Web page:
In our 2013 Journal article1, we described how minimizing portfolio implementation shortfalls within investment operations prevented the slippage of between 51-242 basis points (bps) of alpha inherent in the manager’s strategy.2

Analytics were applied to:

a) identify the sources of portfolio performance degradation due to issues arising within investment operations (e.g. cash management), and

b) clarify pathways for remediation (e.g. better variation margin reporting and simpler prime broker workflows).

Although asset selection is the primary driver of alpha3, expressing and retaining that alpha over the life of a portfolio is determined largely by the quality of investment operations.

Although asset selection is the primary driver of alpha , expressing and retaining that alpha over the life of a portfolio is determined largely by the quality of investment operations.Chito Jovellanos, President and CEO, forward look inc., Boston, USA.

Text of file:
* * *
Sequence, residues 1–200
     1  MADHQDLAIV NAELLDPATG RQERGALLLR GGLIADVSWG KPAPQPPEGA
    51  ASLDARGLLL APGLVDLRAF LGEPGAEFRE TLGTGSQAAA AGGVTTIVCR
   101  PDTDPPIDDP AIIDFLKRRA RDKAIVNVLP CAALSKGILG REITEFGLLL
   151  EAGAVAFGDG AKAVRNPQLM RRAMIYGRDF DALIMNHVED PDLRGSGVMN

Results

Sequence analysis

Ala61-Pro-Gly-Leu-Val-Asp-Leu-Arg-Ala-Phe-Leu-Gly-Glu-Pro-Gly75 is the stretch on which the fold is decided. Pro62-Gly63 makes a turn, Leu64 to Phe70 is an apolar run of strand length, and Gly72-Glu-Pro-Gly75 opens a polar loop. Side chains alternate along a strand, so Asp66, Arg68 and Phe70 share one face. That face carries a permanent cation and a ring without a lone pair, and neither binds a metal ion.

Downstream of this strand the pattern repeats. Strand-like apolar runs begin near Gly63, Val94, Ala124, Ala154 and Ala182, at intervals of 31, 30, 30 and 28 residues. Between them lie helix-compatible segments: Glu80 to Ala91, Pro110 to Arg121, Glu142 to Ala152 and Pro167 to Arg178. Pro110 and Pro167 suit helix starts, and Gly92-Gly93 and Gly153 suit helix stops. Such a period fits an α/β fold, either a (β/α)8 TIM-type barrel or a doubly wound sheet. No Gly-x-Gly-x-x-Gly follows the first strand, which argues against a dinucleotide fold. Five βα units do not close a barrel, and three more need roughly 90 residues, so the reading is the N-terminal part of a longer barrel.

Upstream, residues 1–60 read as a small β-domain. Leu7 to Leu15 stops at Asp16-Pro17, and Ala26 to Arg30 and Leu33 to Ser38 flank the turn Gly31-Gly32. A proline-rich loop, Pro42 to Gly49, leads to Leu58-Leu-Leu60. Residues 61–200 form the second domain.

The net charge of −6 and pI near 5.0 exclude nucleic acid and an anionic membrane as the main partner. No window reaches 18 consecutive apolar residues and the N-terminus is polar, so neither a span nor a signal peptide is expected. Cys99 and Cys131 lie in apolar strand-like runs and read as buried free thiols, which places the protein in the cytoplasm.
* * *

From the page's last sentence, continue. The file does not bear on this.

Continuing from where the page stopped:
Since that initial article, we have had the opportunity to monitor additional real-world portfolios. The new information gave us the latitude to move from a purely descriptive approach to a more inductive posture, such as forecasting on-going sources of implementation shortfalls as inputs into risk management models and firm-wide strategic planning.

As an example of our inductive approach, we will present a recent case study that highlights:

  1. the sequential and recurring nature of implementation shortfalls,
  2. why continuous operational vigilance is the best guarantor of attaining alpha; and
  3. how analytics enable actionable insights into investment operations processes.

Case study: Leveraged loans ... higher yield, higher risk